in which witness is borne: birds, politics, fiction and critical art theory

Trumpet/Part 2

Sunday, December 04, 2005
Below, part 2 of Trumpet. See previous posting for Part 1. PART 3 IS HERE.

The Girl reaches down and touches the stack of magazines, about a dozen, and without hesitating grasps and pulls them from under the loose wooden slats of the fence. She wipes her hand, front and back, on her jeans and shuffles the magazines slowly. They are porno magazines, each one with a cover picture of a smiling, writhing woman dressed in lacy bra and panties. Some of them are in foreign languages. They look kind of boring, actually. Or at least, all the same. She spreads them on the pavement and stares a moment in the low light, wondering what to do with them. Should she report it to other kids on the block? Or try to stick them back under the same fence? Or throw them in a garbage bin further up the block? But night is coming, and action is required. So she takes off her cardigan, picks up the topmost magazine, and wraps the sweater clumsily around it. She will read it later.
She didn't remember about the magazine until much later that evening, after a fight with her brother which left her dizzy with anxiety and loneliness. She loped into her room and sat heavily on her unmade bed. Quickly the loneliness transformed into a feeling of freedom, as she unwrapped the sweater to look at the curious photographs of naked women. She hummed to herself the Haydn trumpet solo: black, flowing hair with shaved vagina, oiled breasts and inexplicable high-heeled sandals, hands buried in hair like a shampoo commercial, softly glowing lights, pillowy cushions and purple velvet sofas, legs kicking in an upside-down splits, glistening lips parted softly in seductive snarls, smoky makeup over heavy-lidded eyes, all those poses of yielding...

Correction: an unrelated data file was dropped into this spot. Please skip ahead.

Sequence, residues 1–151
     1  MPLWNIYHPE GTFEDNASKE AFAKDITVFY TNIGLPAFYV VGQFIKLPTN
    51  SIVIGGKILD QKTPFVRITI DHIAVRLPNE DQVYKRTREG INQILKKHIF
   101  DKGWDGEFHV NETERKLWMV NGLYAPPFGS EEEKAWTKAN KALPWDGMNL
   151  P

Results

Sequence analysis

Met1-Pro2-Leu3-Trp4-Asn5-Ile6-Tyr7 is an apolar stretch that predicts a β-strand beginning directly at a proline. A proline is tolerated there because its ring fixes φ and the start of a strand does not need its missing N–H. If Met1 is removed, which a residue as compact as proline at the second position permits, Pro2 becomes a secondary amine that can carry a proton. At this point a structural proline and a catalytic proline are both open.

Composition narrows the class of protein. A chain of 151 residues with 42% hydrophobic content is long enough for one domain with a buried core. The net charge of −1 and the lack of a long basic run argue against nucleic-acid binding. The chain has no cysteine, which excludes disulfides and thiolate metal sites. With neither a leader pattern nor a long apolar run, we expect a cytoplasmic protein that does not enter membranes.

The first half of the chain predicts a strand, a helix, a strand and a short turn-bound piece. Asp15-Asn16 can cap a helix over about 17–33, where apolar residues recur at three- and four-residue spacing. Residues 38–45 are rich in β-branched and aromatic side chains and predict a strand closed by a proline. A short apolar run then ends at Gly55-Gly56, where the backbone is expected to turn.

"Wait, wait, y'all- What is that?"

"You see what it is, it's a little kid, man. Why's she up there on that screen, though? Man, get over there and fix that TV."'

The Girl closed the magazine with a slapping sound. She'd heard something--or rather, someone. People talking.

She opened the door and went into her parents' room. No one was there, the room dark. TV off. She listened. Only the metallic clanking of the radiators.
8:58 PM :: ::
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